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Trump Takes A Last Look At His Border Wall As Congress Considers Impeachment

President Trump last visited his border wall — one of his signature election promises — in Arizona in June.
Saul Loeb AFP via Getty Images
President Trump last visited his border wall — one of his signature election promises — in Arizona in June.

President Trump is heading to Texas on Tuesday in a last-ditch effort to show off one of his signature election promises — the border wall — as Democratic lawmakers appear ready to move forward with impeaching him for a second time.

He has just a week left in office, but angry lawmakers are calling on him to resign after a violent mob of his supporters stormed the Capitol last Wednesday as a joint session of Congress met inside to certify the results of the election.

During the visit to Alamo — a small town in the Rio Grande Valley — Trump plans to note that 400 miles of border wall went up during his time in office, a White House spokesman said.


This will be the first public appearance for Trump — beyond video statements — since Wednesday morning, when he urged his supporters to head to the Capitol as Congress formalized President-elect Joe Biden's victory.

Political analysts say it's an obvious attempt to try to rehabilitate his image when his legacy is at stake.

"Every president tries to burnish his legacy by highlighting perceived successes in the final days," said Alex Conant, a Republican strategist who worked on Republican Sen. Marco Rubio's 2016 presidential campaign. "Trump's problem among many is that that this trip will be completely overshadowed by the fallout from last week."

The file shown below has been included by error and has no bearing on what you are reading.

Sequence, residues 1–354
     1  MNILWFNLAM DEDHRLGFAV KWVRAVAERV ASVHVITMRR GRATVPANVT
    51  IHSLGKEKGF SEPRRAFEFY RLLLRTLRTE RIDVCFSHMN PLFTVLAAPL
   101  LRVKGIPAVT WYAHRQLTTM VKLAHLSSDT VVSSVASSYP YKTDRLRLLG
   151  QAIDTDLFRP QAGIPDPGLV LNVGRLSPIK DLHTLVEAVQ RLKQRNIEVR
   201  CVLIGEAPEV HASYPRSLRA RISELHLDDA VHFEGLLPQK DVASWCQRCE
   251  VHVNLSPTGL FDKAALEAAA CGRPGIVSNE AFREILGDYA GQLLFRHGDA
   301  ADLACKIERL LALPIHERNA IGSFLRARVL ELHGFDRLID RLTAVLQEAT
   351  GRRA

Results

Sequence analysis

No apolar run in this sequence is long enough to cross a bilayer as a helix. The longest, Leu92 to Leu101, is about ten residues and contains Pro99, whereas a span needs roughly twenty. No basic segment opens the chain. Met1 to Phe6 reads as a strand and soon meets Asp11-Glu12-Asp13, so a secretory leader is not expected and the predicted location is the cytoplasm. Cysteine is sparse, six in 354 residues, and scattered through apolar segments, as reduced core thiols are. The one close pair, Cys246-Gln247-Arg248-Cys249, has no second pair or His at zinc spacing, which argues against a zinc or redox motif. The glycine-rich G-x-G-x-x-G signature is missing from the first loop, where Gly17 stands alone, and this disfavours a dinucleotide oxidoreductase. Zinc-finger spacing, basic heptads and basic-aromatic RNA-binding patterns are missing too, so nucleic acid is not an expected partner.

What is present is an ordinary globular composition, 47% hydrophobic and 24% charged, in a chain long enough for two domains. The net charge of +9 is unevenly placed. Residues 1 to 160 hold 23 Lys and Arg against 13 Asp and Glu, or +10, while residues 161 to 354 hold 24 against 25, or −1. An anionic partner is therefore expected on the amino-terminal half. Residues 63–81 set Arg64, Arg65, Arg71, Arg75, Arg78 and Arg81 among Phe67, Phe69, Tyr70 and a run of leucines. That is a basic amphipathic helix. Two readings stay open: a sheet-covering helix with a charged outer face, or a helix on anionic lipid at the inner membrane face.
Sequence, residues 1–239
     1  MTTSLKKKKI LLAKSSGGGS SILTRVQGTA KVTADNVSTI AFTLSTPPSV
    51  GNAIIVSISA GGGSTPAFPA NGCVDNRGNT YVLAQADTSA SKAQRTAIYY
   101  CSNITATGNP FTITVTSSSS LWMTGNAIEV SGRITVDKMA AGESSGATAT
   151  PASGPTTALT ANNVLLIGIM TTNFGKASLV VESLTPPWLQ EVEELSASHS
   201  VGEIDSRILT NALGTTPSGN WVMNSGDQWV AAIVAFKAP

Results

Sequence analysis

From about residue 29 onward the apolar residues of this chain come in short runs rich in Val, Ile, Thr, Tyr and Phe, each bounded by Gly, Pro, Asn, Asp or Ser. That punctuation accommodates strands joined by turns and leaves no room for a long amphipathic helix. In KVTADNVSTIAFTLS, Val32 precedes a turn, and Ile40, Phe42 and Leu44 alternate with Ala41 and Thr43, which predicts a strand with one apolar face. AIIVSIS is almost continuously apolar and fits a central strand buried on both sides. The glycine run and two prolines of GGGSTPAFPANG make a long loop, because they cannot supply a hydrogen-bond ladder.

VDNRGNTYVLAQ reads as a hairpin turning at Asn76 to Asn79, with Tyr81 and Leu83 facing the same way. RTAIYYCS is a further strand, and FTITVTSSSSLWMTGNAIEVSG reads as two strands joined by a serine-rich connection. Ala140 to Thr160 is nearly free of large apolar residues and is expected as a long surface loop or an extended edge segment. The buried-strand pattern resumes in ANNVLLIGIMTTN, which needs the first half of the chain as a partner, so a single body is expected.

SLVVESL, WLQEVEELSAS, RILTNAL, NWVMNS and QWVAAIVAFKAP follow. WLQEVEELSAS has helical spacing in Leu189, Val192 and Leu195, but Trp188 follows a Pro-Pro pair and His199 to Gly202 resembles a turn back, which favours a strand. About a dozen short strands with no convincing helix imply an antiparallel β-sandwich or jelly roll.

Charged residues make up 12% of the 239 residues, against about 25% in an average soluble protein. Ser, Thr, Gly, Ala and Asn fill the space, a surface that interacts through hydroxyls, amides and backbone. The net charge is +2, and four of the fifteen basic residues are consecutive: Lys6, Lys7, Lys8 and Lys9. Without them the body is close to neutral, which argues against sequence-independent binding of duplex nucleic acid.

Trump campaigned on a promise to crack down on immigration. The clearest example of that was his promise to build a "big, beautiful wall" along the U.S.-Mexico border — a core issue for his base.

Most mainstream Republicans would prefer if Trump just faded away quietly, said Sean Walsh, a Republican strategist who worked in the Reagan and George H.W. Bush White Houses.


But Walsh said this trip makes clear that Trump does not plan to do that. And Walsh is concerned that Trump could actually make things worse by picking such a hot button issue.

"I could see if he did not temper his remarks, whipping some activists up," Walsh said. "So I think we have to keep our eyes and ears very closely peeled on President Trump."

The latest Quinnipiac University survey taken after the attack finds Trump's job approval has plunged 11 points since December, falling to 33% – the lowest it has been since August 2017.

Conant said the political backlash from the Capitol riot is likely too great for Trump to overcome. He said the president's refusal to concede the election and willingness to stoke conspiracy theories all but ensured that he will be remembered for the bitter end to his time in office instead of his policy accomplishments, such as tax cuts and naming three Supreme Court judges.

"I think until Donald Trump properly concedes the election and recognizes Joe Biden as the president-elect, he's not going to be able to talk about anything else," Conant said. "And his legacy is losing potency by the hour."

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